Overall, the magnitude of the simulated ice-sheet response increases with decreasing w. This can be seen from the deviations in the grounding-line flux increase (Fig. S4 in the Supplement), the buttressing reduction (Fig. S3 in the Supplement), and the magnitude of grounding-line retreat (Fig. S5 in the Supplement). Figure 8 shows the maximum cFRNs which support this. A reduction of w under a fixed P value increases the local melt rates (each halving of w doubles the local melt rate) and thus causes higher ice-shelf thinning rates close to the grounding line. This leads to a larger buttressing reduction, explaining the larger increase in grounded ice loss and grounding-line retreat. However, in case of a low perturbation strength and a small melt-strip width the above relation does not apply for the IS experiments where differences in the cFRN between w=2 and 4 km are small or even reversed (light and dark blue squares in Figs. S3–S5). The general increase in the cFRN with declining w is much stronger in the SM1 and SM2 experiments than in the IS experiments. This is due to the fact that a reduction in w concentrates the basal melting closer to the grounding line, i.e., in the SM1 and SM2 experiments the melting is shifted towards the stagnant lateral ice-shelf margins. There the upstream ice supply is sparse, leading to enhanced local thinning rates and, in turn, a stronger ice-sheet response. For the three largest applied shear-margin melt rates (simulations SM1 with w=2 km for and w=2 km and 4 km for ) the thinning is intense enough to locally reduce the ice-shelf thickness to zero (cut-off curves in Fig. S8). Due to the lack of comparability these experiments are excluded from the analysis (no data points in Figs. 8 and S3–S5).
The spread in the cFRN under a variation in P for a given w is much larger in the IS experiments (standard deviations in the cFRN, σcFRN, range from around 0.4 to 0.6) than in the SM1 and SM2 experiments (σcFRN between 0.07 to 0.12). A large spread indicates a non-linear response of the grounded ice to different perturbation strengths. In the ice-stream case the lowest perturbation strength () is by far the most efficient one, yielding the largest cFRN value regardless of the melt-strip width. The same applies to the shear-margin melt patterns but only for the medium/wide melt-strip widths w=8 and 16 km. For smaller w there is no optimal P and the cFRN values lie close to one another.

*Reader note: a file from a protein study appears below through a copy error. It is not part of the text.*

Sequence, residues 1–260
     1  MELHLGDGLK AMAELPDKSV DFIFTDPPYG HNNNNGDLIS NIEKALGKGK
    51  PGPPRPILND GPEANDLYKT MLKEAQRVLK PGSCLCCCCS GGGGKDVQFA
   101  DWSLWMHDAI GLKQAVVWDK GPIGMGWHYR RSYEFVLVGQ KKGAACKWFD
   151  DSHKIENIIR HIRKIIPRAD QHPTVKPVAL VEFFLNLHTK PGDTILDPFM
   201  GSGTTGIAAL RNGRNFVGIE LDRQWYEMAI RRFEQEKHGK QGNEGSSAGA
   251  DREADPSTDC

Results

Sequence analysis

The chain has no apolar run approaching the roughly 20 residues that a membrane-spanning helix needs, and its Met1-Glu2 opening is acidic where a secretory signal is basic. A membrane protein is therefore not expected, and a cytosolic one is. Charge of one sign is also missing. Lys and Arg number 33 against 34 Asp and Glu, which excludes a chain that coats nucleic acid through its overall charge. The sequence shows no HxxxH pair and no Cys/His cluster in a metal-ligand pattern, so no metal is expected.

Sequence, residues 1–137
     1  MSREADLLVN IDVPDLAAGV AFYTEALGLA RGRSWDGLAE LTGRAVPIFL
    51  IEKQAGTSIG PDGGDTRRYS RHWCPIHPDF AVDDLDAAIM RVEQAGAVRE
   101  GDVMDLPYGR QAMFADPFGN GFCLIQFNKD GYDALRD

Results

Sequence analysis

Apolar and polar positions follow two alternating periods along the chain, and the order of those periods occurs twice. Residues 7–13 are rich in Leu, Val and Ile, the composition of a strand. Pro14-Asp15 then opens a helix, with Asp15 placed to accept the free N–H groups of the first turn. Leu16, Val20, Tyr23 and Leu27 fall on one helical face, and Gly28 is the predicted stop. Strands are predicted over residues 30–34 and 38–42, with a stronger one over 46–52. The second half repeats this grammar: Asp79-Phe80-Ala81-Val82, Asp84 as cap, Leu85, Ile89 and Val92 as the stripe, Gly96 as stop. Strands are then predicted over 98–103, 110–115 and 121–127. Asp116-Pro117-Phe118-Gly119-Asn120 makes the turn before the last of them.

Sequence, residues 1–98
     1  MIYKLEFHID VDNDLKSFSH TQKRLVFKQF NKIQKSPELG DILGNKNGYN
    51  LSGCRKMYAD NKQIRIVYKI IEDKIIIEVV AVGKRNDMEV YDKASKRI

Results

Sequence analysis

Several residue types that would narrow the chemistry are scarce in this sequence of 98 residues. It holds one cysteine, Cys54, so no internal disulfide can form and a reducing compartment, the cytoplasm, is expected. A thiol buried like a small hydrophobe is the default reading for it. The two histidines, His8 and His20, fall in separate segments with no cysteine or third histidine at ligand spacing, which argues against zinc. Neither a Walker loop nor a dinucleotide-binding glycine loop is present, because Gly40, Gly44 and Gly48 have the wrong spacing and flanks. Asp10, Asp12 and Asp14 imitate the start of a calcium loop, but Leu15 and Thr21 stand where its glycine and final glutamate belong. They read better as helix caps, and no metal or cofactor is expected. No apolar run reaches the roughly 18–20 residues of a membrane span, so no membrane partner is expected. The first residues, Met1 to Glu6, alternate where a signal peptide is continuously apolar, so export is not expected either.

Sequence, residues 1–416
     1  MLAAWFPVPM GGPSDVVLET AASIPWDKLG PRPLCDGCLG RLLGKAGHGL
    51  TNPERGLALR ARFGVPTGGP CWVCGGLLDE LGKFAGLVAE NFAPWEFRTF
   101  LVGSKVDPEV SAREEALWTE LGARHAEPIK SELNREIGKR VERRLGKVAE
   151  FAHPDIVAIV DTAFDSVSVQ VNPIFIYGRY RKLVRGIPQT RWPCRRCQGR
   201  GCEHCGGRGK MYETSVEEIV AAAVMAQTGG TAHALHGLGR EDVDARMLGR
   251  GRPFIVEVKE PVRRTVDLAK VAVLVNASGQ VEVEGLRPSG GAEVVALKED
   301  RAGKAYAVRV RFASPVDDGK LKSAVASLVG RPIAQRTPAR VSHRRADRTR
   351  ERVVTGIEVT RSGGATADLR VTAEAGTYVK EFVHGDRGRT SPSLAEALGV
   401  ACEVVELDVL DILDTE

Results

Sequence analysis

By carrying out idealized numerical simulations we investigate the transient response of an inherently buttressed marine ice-sheet-shelf system (Figs. 1, 2 and S1a) to basal melt perturbations that are applied close to the grounding line in the central ice-stream (IS) region and the lateral shear-margin (SM1/SM2) regions of the ice shelf (Fig. 3). The applied perturbations thin the ice shelf (Fig. 5) and thus reduce its buttressing strength (Figs. S2 and S3), inducing an increase in ice discharge across the grounding line (Figs. 4). Our analysis reveals that the flux response strongly depends on the duration, the location, the extent and the strength of the perturbation:
The initial change in grounding-line flux (within a few years) is slightly larger for the case of ice-stream melting compared to shear-margin melting (insets of Fig. 7). This is in line with results from Reese et al. (2018) who found strongest instantaneous responses in the grounding-line flux for thinning directly downstream of the grounded Antarctic outlets (comparable to the central ice-stream melt region here). Diagnostic experiments based on the same topographic set-up as used in our study show a similar instantaneous response to melting in the ice stream and along the shear margins (Fig. 2 of Zhang et al., 2020).